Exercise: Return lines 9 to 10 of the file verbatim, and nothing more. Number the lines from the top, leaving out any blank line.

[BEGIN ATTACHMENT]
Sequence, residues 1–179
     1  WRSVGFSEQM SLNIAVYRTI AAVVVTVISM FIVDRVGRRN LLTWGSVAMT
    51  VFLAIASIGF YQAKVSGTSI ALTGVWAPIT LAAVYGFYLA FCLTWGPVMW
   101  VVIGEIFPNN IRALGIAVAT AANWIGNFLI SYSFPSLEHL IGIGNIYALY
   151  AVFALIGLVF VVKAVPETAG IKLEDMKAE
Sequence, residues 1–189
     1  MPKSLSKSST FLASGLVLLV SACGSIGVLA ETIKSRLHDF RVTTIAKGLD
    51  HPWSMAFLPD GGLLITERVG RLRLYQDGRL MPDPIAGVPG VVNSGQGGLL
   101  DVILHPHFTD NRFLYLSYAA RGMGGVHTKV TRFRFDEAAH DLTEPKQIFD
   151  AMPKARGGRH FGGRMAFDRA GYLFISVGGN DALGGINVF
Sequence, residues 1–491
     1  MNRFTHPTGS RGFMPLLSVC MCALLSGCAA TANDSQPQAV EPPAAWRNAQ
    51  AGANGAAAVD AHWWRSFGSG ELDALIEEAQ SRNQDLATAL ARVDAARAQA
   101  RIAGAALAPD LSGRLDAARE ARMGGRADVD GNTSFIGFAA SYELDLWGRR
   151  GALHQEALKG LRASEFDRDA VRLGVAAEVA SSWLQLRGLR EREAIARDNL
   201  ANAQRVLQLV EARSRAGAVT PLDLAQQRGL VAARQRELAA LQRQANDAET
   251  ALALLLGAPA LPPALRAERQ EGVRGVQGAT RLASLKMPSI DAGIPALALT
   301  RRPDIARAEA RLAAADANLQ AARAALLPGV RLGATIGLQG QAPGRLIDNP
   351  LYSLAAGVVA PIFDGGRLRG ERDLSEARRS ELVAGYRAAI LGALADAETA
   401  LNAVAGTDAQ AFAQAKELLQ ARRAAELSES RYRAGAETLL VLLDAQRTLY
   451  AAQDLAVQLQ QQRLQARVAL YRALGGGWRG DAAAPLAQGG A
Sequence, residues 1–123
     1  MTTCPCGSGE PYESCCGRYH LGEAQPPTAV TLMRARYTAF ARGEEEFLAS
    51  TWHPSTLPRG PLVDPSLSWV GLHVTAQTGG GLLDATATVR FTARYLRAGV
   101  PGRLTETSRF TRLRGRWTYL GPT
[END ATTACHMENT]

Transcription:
   101  DVILHPHFTD NRFLYLSYAA RGMGGVHTKV TRFRFDEAAH DLTEPKQIFD
   151  AMPKARGGRH FGGRMAFDRA GYLFISVGGN DALGGINVF